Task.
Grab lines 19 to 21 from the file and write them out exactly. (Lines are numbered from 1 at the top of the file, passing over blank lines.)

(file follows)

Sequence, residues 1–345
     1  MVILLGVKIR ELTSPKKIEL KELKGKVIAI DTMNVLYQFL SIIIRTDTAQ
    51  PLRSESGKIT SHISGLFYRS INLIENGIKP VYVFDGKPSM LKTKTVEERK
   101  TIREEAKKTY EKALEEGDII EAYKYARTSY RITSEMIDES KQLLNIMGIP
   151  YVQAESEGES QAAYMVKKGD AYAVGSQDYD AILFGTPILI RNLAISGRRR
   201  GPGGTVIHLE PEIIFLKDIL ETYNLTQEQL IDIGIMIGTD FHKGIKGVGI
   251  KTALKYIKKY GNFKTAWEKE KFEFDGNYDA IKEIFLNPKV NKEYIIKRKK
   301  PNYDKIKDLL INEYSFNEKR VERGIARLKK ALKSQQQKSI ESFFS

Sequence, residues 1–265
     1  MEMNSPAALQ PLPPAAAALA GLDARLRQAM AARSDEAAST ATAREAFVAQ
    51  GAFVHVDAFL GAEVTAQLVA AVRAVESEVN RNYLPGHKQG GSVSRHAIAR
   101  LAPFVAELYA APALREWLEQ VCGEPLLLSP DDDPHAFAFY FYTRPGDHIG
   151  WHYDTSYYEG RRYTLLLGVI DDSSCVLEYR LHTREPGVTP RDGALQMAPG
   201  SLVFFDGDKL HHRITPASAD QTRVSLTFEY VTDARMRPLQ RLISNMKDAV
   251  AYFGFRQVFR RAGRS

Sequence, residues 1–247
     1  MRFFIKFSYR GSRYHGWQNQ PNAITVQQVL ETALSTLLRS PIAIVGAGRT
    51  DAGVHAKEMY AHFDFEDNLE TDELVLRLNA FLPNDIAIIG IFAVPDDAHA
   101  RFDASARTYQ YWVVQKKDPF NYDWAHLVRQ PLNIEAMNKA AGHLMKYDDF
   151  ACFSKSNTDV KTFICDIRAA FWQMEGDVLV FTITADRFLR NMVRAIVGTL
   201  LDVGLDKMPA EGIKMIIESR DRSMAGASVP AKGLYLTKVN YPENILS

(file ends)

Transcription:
   101  RFDASARTYQ YWVVQKKDPF NYDWAHLVRQ PLNIEAMNKA AGHLMKYDDF
   151  ACFSKSNTDV KTFICDIRAA FWQMEGDVLV FTITADRFLR NMVRAIVGTL
   201  LDVGLDKMPA EGIKMIIESR DRSMAGASVP AKGLYLTKVN YPENILS